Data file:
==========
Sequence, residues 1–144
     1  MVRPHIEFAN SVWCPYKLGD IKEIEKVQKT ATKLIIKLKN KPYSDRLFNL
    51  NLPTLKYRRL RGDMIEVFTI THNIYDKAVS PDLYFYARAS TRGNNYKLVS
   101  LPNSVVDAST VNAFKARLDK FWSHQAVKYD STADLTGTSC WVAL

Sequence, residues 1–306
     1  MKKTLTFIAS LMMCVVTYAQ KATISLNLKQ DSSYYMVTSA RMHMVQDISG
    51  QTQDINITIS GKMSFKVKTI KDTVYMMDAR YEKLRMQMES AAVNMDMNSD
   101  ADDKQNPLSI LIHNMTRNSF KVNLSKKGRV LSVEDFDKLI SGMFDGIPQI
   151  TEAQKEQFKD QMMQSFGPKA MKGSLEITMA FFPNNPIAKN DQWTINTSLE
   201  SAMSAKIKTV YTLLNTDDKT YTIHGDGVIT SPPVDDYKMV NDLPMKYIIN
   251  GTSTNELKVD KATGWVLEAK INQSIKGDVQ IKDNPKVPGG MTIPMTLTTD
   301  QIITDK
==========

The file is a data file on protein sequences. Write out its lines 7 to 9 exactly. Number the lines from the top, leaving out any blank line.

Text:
    51  QTQDINITIS GKMSFKVKTI KDTVYMMDAR YEKLRMQMES AAVNMDMNSD
   101  ADDKQNPLSI LIHNMTRNSF KVNLSKKGRV LSVEDFDKLI SGMFDGIPQI
   151  TEAQKEQFKD QMMQSFGPKA MKGSLEITMA FFPNNPIAKN DQWTINTSLE